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October 31, 2014

RE: Retention of Risk for Asset Backed Securities

FAIR Canada urges the Canadian Securities Administrators (“CSA”) to consider recent developments in the United States wherein federal regulatory agencies responsible for implementing regulations under The Dodd-Frank Wall Street Reform and Consumer Protection Act (the “Dodd-Frank Act”) have finalized rules for risk retention requirements in asset-back securities transactions.1 FAIR Canada recommends that the CSA do likewise and require retention of risk in securitization products.

We continue to believe that it is important for Canada to impose rules in this area that are at or above the standards of other leading jurisdictions and that accord with the first recommendation of the IOSCO Final Report on Global Developments in Securitisation Regulation (the “IOSCO Final Report”). Requiring skin in the game is important as it allows for a better alignment of economic interests in the securitization process and is a necessary response to the 2008 financial crisis. As discussed in our 2011 comments to the CSA2, risk retention addresses one of the shortcomings of the securitization market’s “originate to distribute” model, which, as we painfully learned, allowed the generation, distribution and amplification (through derivative transactions) of securitized products whose underlying assets were of poor quality. This resulted in unacceptable risk to investors and a disastrous level of systemic risk.

However, we do not agree with the US approach that allows for the exempting of certain classes of assets, as such rules can be “skirted”. We therefore favour the European model under Article 122a.

FAIR Canada also reiterates that there is a need for transparency and detailed, complete and accurate information about asset-backed securities so that investors have the information they require to assess the level of risk.3 As noted in a recent speech by Commissioner Luis Aguilar4, the United States has required the disclosure of key information to assess the risk of the investment in asset-backed securities through Reg AB 2. However, the Commission’s work in the asset backed securities area is not complete as “…it has yet to act on, among others, rules requiring issuers to provide asset-level information across other ABS asset classes, such as equipment loans and leases, student loans, and inventory financings.” FAIR Canada has provided comments to the CSA on the importance of asset-level disclosure requirements in its previous comments5.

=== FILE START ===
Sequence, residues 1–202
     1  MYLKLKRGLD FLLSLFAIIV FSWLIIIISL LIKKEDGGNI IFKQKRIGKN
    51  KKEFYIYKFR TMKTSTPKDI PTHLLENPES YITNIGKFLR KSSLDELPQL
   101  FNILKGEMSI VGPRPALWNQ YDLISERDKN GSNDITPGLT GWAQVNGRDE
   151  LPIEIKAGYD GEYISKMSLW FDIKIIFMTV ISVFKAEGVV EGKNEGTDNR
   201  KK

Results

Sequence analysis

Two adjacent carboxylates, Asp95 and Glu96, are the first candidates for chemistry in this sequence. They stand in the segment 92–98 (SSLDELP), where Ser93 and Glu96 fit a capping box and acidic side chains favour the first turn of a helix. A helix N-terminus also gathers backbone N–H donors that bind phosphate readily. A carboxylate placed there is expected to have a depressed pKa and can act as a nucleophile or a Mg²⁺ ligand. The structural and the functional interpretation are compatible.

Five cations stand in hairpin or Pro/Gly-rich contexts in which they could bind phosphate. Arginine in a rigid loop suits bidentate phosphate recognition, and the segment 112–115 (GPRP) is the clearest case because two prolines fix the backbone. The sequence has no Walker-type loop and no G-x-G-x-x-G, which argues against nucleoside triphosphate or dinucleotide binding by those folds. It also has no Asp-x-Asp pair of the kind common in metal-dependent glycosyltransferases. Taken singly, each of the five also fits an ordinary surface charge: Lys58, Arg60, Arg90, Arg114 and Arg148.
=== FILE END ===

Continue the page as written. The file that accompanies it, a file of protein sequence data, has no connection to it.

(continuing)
FAIR Canada cautions that the CSA needs to ensure that Canada will have equally rigorous regulations on asset backed securities as do other jurisdictions such as the EU and the US. This can be accomplished if the CSA requires, as part of its amendments, the retention of risk and a sufficient degree of asset-level disclosure. If the CSA does not follow suit, then regulatory arbitrage could ensue, resulting in Canada being used to distribute products that would not pass muster elsewhere.

We would be pleased to discuss this letter with you at your convenience and welcome its public posting. Feel free to contact Neil Gross at 416-214-3408 (neil.gross@faircanada.ca) or Marian Passmore at 416- 214-3441 (marian.passmore@faircanada.ca).


Canadian Foundation for Advancement of Investor Rights

1   The rules are available at https://www.fdic.gov/news/board/2014/2014-10-21_notice_dis_a_fr.pdf.

2 Our submission is available online at: http://faircanada.ca/wp-content/uploads/2011/01/FAIR-Canada-Comments-re- Securitized-Products-Aug.-31-2011.pdf.

3   See our earlier submissions

4 Commissioner Luis A. Aguilar, October 22, 2014, “Skin in the Game: Aligning the Interests of Sponsors and Investors: available online at http://www.sec.gov/News/PublicStmt/Detail/PublicStmt/1370543250034#.VEqrSPmM5cY.

5   See paragraph 8 of our April 23, 2014 comments, available online at: http://faircanada.ca/wp-

content/uploads/2011/01/FAIR-Canada-comments-re-CSA-securitized-products-exemption.pdf and section 4 of the 2011 comment letter.